In the trailer for Justin Bieber's 2011 film, Never Say Never, a 16-year-old Bieber stands center stage at Madison Square Garden and looks out at his thousands of screaming fans. The stage is brilliantly lit and he's wearing purple. He yells out to the audience, "There's going to be times when people tell you that you can't live your dreams. And this what I tell them: 'Never. Say. Never!'" For anyone who hasn't seen the instant popumentary classic that is Never Say Never, it goes deep into the trials and tribulations of a young Bieber as he attempts to forge his career from Canadian YouTuber to shaggy-haired pop star. It details his drive to be recognized not only as talented, but also extremely dedicated to his fans. And his humility. Looking back now, it almost seems like it was meant to be a spoof itself. But alas, it was a real documentary and powerful publicity move (it grossed $99 million worldwide.) Now, we have Popstar: Never Stop Never Stopping, thanks to the guys behind The Lonely Island — Andy Samberg, Jorma Taccone, and Akiva Schaffer. The comedy, out in theaters June 3, takes the premise of past (and present) concert documentaries and pushes it to the extreme. The film is Never Say Never meets This Is Spinal Tap meets VH1's (amazing series, may it rest in peace) Behind The Music. It's funny, it's crude, it's over-the-top, it's basically an SNL skit that goes on for nearly two hours.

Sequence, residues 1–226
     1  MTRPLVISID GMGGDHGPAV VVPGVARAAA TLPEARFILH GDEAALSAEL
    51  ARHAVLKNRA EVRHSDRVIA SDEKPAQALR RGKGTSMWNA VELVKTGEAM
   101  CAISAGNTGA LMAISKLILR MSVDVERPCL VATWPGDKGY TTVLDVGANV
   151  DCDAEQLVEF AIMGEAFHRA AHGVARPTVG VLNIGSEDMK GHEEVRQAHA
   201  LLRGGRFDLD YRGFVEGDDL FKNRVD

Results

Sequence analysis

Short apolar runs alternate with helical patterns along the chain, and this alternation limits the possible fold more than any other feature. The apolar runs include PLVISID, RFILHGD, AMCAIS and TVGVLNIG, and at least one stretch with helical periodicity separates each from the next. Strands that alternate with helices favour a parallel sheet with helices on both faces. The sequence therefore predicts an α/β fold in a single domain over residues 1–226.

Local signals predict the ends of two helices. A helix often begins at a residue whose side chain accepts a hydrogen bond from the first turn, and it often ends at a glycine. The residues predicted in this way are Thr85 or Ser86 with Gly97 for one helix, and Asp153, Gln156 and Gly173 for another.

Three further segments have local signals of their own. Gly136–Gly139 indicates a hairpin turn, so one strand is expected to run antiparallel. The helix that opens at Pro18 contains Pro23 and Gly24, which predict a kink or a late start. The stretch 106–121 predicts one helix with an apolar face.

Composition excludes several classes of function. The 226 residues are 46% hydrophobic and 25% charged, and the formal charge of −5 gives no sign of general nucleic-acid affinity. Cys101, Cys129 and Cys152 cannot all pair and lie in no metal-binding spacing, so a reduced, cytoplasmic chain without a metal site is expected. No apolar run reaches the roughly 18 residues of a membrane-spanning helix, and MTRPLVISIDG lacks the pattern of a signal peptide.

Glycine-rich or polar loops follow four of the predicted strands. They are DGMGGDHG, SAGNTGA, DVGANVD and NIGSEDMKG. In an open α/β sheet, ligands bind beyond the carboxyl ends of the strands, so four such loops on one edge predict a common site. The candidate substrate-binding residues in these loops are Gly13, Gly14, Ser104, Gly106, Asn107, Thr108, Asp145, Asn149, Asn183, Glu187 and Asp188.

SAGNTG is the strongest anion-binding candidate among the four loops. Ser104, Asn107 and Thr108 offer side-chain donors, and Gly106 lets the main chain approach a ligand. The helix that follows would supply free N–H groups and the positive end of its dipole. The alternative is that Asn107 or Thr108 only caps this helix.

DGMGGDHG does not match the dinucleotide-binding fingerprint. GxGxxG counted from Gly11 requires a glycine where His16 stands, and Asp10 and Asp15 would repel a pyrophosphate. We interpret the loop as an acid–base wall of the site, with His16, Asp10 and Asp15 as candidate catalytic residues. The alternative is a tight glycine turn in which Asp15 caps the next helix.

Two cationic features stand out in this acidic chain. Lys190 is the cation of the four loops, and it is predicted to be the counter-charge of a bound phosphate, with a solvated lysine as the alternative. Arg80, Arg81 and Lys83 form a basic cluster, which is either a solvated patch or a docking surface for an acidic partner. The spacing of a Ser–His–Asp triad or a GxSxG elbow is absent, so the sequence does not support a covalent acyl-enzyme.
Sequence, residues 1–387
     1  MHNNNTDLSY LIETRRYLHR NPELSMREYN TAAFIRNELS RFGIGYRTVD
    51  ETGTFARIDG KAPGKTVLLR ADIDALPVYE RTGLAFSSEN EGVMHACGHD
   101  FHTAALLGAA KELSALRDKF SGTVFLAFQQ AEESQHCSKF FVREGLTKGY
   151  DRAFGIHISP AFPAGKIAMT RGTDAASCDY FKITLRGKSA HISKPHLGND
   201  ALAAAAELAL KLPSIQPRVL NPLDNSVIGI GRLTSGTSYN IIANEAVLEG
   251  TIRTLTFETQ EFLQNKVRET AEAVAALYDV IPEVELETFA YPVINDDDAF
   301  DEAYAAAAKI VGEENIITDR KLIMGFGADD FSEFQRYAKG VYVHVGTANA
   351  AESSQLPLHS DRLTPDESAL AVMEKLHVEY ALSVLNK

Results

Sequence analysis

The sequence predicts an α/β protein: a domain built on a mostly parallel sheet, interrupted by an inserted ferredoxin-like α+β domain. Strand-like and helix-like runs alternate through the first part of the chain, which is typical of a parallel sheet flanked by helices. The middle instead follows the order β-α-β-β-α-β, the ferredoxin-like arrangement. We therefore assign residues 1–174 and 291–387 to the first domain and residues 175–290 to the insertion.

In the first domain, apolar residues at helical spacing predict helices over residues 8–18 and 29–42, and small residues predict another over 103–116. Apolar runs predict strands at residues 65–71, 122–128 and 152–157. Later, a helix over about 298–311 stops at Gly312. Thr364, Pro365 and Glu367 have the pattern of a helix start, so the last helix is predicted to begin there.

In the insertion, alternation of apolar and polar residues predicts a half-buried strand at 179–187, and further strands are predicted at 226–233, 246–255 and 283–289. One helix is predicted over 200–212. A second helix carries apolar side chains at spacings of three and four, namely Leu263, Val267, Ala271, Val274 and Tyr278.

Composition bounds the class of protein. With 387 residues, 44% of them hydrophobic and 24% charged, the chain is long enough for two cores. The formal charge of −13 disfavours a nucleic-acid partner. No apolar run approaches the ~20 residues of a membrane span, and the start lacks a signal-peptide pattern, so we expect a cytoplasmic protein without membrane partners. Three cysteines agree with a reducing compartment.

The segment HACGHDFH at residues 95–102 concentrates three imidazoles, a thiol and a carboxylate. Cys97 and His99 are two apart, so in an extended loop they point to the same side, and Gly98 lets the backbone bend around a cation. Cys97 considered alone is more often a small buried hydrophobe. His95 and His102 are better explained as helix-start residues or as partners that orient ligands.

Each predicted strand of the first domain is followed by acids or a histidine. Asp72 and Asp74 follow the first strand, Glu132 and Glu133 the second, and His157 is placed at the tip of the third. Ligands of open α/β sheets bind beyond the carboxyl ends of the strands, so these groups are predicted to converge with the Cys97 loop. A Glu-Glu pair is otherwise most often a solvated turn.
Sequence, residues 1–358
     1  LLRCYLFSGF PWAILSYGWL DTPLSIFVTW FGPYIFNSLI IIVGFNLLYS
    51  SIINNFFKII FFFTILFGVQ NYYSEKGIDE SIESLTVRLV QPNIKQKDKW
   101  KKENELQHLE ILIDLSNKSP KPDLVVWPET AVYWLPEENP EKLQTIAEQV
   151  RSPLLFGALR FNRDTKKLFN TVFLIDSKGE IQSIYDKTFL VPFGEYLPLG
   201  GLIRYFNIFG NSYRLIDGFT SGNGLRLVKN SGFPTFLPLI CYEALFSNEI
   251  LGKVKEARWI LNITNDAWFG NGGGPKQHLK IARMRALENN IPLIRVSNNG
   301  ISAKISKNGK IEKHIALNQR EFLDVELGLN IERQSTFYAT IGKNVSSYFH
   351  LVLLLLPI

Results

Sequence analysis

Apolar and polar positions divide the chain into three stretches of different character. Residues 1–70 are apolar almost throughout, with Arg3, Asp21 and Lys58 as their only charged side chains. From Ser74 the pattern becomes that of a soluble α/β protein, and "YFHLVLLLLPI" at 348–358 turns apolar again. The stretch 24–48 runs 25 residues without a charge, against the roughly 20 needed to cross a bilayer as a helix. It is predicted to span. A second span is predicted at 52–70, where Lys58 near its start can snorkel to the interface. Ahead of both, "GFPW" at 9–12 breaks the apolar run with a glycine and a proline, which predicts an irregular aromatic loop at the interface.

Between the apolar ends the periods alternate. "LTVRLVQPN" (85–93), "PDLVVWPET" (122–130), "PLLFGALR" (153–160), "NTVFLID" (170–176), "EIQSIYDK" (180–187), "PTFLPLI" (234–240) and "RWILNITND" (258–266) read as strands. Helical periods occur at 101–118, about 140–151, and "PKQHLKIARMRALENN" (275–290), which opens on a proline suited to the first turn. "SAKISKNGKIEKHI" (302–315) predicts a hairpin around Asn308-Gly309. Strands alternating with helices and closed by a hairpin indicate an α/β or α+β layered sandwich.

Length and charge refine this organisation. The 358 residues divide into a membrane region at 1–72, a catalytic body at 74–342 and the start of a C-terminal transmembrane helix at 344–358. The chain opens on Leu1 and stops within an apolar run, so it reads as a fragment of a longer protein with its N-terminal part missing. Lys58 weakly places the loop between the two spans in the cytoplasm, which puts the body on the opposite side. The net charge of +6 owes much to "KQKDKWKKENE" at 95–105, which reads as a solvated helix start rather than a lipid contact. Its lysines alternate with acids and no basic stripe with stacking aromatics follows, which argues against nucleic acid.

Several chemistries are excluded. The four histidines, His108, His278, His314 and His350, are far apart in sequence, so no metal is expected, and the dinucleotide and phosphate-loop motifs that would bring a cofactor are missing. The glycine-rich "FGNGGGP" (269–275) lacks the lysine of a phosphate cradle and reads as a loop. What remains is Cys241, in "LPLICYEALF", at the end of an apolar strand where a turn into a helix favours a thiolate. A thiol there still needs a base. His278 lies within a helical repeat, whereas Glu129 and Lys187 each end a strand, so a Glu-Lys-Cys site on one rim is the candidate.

In Popstar, Samberg plays Conner4Real, a.k.a. fake Bieber at age 29. Conner and his two best friends, Owen (Taccone) and Lawrence (Schaffer), rose to fame as members of The Style Boyz. Their group and attire is reminiscent of not only a pubescent Bieber, but also the '90s duo Kris Kross, consisting of Chris “Mac Daddy” Kelly and “Daddy Mac.” The two were the youngest rap duo to gain success, at the ages of 11 and 12, with their hit single, “Jump.” In the film, each member also had their own nickname — Conner as "Kid Conner," Owen as "Kid Brain," and Lawrence as "Kid Contact." The three rose to stardom with their breakout hit, “The Donkey Roll,” featuring a new dance move called, yes, The Donkey Roll. They were just three simple Sacramento, CA, nerds with a dream and each other. That is, until Conner nabs his breakout moment (with Emma Stone playing a very Katy Perry-esque singer) and disbands from The Style Boyz to become a solo artist — Conner4Real. Conner wins a "Poppy" for a rap verse (which consisted of only catchphrases), which is basically the equivalent of an MTV Video Music Award. In his acceptance speech, Conner thanks himself, and then himself again, accurately embodying the truly narcissistic and egotistical pop stars that we all know and still love. This creates a grudge between Lawrence (who actually wrote the verse) and Conner that goes on for nearly a decade. It's addressed at the climax of the movie. Predictably, things don't work out as planned. We see Conner's arrogant selfishness, combined with his relentless naiveté, lead to his downfall. Conner's attitude is reminiscent of what I like to call "Deposition Bieber," one of entitlement and frustration. His sophomore album flops, despite the near-constant assistance from the "32 people on his personal payroll," which includes Justin Timberlake as his personal chef, Sarah Silverman as his publicist, Tim Meadows as his manager, and Joan Cusack as his mother. Bieber himself had his own notorious entourage of confidantes including Usher, his mentor; Scooter Braun, his manager; and Ryan Good, his road manager, a.k.a. swagger coach. The film also addresses the darker side of fame, but still keeps it lighthearted. Conner can’t tell who of his friends are or who to trust, a qualm that many child stars face. He resorts to a crude experiment to see which friends are just there to fluff his ego and which have his best interests at heart. He serves them pancakes made with dog poop from his yard and waits to see who admits the dish taste like actual shit. Only one person is truthful with him. The only other creature that Conner has to trust when he's at his lowest is Maximus, his pet turtle. The inclusion of an animal is no doubt another dig at Bieber and his own pet drama. There is, of course, an abundance of dude humor à la Judd Apatow, who produced the film, sprinkled throughout. That includes a NSFW scene or two; one, in particular, involving Conner signing a fan's penis. Will it make you laugh? Absolutely. Will it make you cringe? Probably. Will it make you want to download a few of the parody songs? Maybe. Will even Bieber, the butt of most of the jokes, think it's funny? Definitely.